Secret Location, one of Vancouver’s coolest fashion stores (and probably the only one that has spectacular visual merchandising) invited Leandra Medine, aka the Man Repeller, for an event last month, and I got a chance to interview her. I won’t lie, this wasn’t the most riveting of interviews, but that had less to do with her as she is very well-spoken and has a lot of interesting things to say. I just couldn’t think of very interesting things to ask her. I guess I had some sort of interviewer’s “writer’s block.” Anyway, I managed to get a few good bits out of the time I had with her, and I learnt a few things about interviews. Firstly, don’t go into an interview without at least twenty questions, secondly, some interviews won’t be as good as you’d like, and thirdly, if there is a Clueless connection, ALWAYS bring it up. That was the only topic we both got excited about, but we just gushed, (again, I couldn’t think of anything good to ask about it) so I didn’t bother to include that part in this piece. Leandra, if you’re reading this, I AM a Clueless person and proud.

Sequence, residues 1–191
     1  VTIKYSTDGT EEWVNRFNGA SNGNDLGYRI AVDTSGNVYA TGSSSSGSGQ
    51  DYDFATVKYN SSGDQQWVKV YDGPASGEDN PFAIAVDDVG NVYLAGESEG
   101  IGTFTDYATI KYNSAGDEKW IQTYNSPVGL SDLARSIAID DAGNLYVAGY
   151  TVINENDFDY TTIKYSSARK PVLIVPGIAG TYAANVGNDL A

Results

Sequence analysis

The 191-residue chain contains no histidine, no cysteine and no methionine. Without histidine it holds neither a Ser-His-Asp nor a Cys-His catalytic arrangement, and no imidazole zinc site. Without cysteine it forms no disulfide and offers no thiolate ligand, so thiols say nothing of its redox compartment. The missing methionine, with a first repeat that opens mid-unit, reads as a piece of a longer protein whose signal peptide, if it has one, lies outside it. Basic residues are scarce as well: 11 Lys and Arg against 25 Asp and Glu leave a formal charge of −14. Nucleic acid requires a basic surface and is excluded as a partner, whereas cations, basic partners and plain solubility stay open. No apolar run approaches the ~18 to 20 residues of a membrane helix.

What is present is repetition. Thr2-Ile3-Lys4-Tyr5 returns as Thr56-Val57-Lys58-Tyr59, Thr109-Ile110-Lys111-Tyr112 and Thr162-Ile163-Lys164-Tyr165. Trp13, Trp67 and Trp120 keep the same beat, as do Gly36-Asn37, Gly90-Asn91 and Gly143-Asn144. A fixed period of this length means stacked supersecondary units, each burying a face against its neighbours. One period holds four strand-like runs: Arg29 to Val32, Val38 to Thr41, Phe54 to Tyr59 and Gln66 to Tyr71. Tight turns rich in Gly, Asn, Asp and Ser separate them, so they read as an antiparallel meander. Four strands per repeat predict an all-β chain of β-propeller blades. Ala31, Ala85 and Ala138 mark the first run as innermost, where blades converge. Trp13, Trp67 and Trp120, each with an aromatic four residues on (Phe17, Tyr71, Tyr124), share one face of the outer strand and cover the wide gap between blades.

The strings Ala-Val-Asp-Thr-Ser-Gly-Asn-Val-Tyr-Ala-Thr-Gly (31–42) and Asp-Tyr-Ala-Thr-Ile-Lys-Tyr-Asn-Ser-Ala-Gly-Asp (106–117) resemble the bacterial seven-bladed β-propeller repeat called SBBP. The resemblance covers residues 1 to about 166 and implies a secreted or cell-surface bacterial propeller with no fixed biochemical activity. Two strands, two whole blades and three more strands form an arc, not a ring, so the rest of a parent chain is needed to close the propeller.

Alexandra Suhner Isenberg: Do you ever get tired of being in the spotlight and people expecting you to look like a man repeller?
Leandra Medine: I don’t think that people expect me to look like a man repeller and I don’t feel like I am in spotlight all the time. I don’t do this very often, I happen to really like this store and wanted to support a movement of avant garde fashion in a place where it is not very prevalent. In the same way that I don’t dress for men, I don’t dress to appease other people, I am not trying to be particularly man repelling in everyday conquests.
LM: The are a bunch, right now I am really into this brand called Au Jour Le Jour, which is an Italian brand and they make these really cute panda and elephant print dresses and bell bottoms and blouses. I find it so awesome, and I thought, I need to write about this brand and they are so cool, people need to know that they exist. (Pictured above.)
ASI: When I started in the industry, it was mostly about the old guard, and now there are so many young newcomers. You started the blog when you were 20. Do you find it intimidating sometimes? What are the pros and cons of being such a young figure in the industry?